Are you working on any summer writing projects? I've got several going, and two of them are essays for a collection about teaching with children's literature. One is focused on teaching with Anna Sewell's 1877 Black Beauty and the other on teaching with Keiron Gillen, Jamie McKelvie, et al.'s 2013-2014 reboot of the Young Avengers.
As I work on these projects, I'm reminded how very important a conscious and reflective writing process is. Without it, I'd be doomed to a terror and shame spiral--it's very easy to get caught up in the pressure and ever-expanding challenges of every major writing task. These essays are not really that long (2500-4000) words, but it's not really the length that determines the amount of fear. Instead, it's the challenge of purpose and audience.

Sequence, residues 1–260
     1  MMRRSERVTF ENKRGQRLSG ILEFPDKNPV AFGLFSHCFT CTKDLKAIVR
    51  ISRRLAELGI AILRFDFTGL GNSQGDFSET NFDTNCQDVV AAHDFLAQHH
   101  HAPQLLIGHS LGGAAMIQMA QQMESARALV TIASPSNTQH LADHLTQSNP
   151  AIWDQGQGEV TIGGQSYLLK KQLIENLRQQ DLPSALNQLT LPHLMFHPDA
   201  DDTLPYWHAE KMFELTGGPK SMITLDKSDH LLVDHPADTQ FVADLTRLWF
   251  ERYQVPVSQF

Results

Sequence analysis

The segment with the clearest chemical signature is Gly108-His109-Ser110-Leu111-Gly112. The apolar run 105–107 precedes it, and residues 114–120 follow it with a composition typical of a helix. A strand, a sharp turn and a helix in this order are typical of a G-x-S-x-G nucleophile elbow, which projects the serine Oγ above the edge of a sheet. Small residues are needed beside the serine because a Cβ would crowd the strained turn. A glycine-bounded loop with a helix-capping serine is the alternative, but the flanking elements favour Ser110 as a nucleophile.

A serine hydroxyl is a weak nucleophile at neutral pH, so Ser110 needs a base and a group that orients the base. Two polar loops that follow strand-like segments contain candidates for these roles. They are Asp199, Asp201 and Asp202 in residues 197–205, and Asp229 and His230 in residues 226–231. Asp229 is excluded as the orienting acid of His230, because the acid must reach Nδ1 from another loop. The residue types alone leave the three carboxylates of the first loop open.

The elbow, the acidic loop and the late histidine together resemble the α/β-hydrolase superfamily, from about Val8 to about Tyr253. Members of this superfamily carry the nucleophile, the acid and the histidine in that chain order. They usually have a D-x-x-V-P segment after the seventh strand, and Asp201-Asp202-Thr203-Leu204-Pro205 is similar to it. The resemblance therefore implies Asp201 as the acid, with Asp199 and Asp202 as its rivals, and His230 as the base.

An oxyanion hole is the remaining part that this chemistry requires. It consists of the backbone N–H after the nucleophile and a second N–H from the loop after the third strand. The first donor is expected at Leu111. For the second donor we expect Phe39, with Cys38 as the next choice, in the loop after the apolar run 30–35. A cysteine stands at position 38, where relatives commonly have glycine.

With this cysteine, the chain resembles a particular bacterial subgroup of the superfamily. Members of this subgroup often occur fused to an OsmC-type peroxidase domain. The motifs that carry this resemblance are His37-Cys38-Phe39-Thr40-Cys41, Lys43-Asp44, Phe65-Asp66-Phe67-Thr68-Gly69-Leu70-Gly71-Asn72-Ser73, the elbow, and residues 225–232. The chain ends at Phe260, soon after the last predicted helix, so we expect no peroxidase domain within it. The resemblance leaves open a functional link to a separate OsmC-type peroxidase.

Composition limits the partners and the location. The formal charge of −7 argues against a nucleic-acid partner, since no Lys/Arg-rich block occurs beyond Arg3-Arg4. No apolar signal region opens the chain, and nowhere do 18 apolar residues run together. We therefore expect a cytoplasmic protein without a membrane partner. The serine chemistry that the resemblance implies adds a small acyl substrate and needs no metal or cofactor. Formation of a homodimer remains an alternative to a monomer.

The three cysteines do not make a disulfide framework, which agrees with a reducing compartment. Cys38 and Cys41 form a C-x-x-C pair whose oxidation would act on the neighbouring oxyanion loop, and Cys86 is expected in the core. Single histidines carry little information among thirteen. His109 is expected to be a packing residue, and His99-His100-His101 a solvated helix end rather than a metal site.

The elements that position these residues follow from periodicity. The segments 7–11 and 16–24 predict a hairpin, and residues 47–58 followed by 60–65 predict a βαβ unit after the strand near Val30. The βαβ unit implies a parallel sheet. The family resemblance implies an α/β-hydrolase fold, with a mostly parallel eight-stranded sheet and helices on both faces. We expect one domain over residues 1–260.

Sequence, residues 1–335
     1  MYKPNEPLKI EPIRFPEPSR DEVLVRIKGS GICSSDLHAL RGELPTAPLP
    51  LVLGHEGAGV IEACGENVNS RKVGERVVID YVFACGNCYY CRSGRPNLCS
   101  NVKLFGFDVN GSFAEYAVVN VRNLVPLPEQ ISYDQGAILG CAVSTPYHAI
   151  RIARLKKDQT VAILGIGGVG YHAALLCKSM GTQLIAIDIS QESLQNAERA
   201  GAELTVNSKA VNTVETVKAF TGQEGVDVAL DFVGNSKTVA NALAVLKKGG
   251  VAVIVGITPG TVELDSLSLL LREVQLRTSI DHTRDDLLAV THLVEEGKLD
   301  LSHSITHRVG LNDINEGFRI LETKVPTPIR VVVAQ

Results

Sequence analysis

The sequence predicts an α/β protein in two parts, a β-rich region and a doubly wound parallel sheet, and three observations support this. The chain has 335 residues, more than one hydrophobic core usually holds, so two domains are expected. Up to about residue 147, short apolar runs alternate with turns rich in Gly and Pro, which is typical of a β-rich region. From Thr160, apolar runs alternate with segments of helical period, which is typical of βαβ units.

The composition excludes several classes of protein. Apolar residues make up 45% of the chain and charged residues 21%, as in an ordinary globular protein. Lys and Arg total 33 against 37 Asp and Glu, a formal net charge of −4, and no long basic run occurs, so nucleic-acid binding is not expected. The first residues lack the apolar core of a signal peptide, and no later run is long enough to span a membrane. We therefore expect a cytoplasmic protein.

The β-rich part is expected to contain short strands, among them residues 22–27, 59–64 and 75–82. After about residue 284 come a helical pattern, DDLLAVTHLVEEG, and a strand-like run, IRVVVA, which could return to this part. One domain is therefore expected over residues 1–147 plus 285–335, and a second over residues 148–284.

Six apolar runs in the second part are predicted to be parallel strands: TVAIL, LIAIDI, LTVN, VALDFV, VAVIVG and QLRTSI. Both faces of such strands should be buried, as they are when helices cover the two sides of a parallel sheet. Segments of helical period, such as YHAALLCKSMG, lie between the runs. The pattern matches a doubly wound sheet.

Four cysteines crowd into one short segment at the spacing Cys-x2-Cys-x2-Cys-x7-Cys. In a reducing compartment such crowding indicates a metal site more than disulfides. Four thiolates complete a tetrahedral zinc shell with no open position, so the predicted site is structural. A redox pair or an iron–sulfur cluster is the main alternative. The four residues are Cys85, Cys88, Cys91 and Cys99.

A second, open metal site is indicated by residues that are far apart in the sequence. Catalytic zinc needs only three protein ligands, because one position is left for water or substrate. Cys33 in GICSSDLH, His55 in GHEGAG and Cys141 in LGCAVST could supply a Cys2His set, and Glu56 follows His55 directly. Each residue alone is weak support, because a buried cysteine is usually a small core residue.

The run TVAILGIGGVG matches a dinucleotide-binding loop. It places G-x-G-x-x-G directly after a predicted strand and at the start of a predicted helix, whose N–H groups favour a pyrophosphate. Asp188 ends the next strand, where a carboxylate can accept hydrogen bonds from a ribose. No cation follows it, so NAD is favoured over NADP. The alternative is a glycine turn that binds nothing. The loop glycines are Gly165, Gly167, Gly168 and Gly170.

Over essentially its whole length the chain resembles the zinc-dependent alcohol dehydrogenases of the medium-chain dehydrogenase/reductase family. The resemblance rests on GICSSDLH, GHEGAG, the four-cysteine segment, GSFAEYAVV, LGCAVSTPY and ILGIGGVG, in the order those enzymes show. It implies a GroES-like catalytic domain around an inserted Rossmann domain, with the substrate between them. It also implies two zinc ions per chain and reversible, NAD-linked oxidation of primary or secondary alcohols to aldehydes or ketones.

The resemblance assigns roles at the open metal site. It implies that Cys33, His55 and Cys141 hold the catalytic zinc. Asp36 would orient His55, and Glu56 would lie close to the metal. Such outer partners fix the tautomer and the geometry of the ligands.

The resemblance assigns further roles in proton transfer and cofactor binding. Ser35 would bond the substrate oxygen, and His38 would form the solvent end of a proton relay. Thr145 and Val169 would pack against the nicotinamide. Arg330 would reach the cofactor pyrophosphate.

Why am I writing, really?
What is it about this topic that is compelling?
For whom am I writing?
What does the audience know about my topic?
I've gathered all my familiar aids. My favorite way of taking notes, music to get me pumped up about writing after I've taken a break and lost momentum, friends to talk to about my ideas, all that stuff.
Something I learned about recently (from a student who came in for a Writing Center appointment this Spring!) is the information that MS Word stores about how many revisions/edits you've done and how many hours you've worked on a document. Check this out:
I'm only in the note-taking,outlining, and prewriting stage and already I'm on my 95th revision! Neat.